Svetlana Alexievich, journalist and prose writer from Belarus, has won the Nobel Prize award for literature. She is well known for her nonfiction prose relating to social justice issues of the past and present.
Breaking News: The Nobel Prize in Literature is awarded to the Belarussian writer Svetlana Alexievich http://t.co/zZV2a97dbP
— The New York Times (@nytimes) October 8, 2015
"Today’s Nobel Prize in literature is a win for humanity" http://t.co/XL6dY8rhLI
— TIME.com (@TIME) October 8, 2015
“She is best known for giving voice to women and men who lived through major events like the Soviet occupation of Afghanistan that lasted from 1979 to 1989 and the Chernobyl nuclear disaster of 1986, in which her own sister was killed and her mother was blinded,” the New York Times article, “Svetlana Alexievich, Belarussian Voice of Survivors, Wins Nobel Prize in Literature” said of the author.
I hear the news of Nobel and think of Svetalana Alexievich's essay on the Afghan war in Granta ages back.. http://t.co/xpfdLPGtak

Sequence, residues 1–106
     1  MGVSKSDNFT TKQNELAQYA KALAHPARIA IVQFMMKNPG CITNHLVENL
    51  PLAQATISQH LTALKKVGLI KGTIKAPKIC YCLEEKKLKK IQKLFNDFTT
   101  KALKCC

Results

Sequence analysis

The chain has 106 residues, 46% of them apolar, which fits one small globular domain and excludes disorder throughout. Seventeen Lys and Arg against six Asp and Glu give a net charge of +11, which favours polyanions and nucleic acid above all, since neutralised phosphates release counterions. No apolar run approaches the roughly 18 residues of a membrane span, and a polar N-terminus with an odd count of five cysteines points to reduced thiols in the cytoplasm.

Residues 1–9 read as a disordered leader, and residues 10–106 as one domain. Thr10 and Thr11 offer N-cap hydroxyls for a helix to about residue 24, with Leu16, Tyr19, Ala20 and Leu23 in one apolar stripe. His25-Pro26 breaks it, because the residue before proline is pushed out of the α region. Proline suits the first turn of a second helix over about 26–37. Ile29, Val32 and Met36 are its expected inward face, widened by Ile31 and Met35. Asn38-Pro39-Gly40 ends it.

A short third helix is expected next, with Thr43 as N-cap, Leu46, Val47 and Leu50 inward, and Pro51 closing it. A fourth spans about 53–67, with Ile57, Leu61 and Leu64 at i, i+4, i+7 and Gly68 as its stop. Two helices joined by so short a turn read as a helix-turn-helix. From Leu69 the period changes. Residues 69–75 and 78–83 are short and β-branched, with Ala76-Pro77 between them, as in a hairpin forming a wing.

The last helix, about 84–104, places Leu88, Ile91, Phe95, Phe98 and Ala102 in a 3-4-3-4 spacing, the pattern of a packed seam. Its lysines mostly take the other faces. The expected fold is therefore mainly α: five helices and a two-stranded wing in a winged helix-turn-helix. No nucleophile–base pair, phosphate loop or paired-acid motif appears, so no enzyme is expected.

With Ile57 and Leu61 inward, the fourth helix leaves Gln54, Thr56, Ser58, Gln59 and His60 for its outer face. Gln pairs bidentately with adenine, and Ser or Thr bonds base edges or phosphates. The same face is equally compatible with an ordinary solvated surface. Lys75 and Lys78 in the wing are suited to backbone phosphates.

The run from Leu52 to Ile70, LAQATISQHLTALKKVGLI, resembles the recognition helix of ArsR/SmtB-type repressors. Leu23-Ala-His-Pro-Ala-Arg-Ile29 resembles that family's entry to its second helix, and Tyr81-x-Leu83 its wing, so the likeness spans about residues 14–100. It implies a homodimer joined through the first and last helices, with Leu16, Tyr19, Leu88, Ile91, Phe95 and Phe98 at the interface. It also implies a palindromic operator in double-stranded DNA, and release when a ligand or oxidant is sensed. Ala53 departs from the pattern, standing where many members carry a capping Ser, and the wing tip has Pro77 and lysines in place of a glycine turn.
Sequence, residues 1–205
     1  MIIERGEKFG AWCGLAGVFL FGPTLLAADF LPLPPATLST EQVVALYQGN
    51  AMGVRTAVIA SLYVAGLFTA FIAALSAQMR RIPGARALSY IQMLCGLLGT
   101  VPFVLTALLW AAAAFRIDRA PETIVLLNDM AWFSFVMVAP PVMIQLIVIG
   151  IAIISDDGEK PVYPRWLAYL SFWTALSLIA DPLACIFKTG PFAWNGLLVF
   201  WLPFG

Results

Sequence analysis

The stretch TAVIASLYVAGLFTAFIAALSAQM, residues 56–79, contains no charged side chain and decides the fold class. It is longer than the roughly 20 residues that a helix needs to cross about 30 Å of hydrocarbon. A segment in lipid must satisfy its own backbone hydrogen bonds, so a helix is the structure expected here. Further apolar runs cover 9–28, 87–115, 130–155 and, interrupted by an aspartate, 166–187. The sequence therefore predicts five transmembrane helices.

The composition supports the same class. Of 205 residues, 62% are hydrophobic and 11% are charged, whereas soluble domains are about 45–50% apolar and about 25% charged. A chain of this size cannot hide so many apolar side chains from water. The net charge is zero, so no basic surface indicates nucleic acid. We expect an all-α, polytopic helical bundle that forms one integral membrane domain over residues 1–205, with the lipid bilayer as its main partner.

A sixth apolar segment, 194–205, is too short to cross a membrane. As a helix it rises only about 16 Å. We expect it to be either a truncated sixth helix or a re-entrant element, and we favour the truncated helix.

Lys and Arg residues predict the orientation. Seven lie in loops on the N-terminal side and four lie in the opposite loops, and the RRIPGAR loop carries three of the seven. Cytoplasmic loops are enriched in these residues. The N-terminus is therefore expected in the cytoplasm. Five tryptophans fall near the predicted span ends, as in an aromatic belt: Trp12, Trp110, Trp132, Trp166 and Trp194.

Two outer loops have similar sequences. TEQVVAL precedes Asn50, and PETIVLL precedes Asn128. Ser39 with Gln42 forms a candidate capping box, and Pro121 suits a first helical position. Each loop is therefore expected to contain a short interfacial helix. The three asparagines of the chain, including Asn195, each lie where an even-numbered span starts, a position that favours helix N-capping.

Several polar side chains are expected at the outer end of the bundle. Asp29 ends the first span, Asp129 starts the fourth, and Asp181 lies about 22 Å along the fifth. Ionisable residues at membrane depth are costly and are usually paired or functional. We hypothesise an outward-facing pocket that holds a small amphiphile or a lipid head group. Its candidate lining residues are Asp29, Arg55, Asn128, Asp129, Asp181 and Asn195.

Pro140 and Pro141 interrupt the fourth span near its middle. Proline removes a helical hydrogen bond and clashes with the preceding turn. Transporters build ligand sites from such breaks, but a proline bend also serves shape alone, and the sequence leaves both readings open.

— Basharat Peer (@basharat_peer) October 8, 2015
Svetlana Alexievich "has consistently chronicled that which has been intentionally forgotten." — @MashaGessen: http://t.co/0ErnYEN7Jd
— NYer Page-Turner (@pageturner) October 8, 2015
I've been a HUGE fan of Belarusian Nobel prize-winning author Svetlana Alexievich ever since I first heard of her a few minutes ago.
— Sam Copeland (@stubbleagent) October 8, 2015
And on behalf of the award, the Swedish Academy said that she was deserving “for her polyphonic writings, a monument to suffering and courage in our time.”
Literature Nobel: telling the stories of those who have no voice. Svetlana Alexievich Wins Nobel Prize in Literature http://t.co/3x6KeotH1q
— Prof. Peter Doherty (@ProfPCDoherty) October 8, 2015
among other things Svetlana Alexievich Nobel is a long-overdue acknowledgement of the literary value of non-fiction http://t.co/VAUocufnHG
— Anne Applebaum (@anneapplebaum) October 8, 2015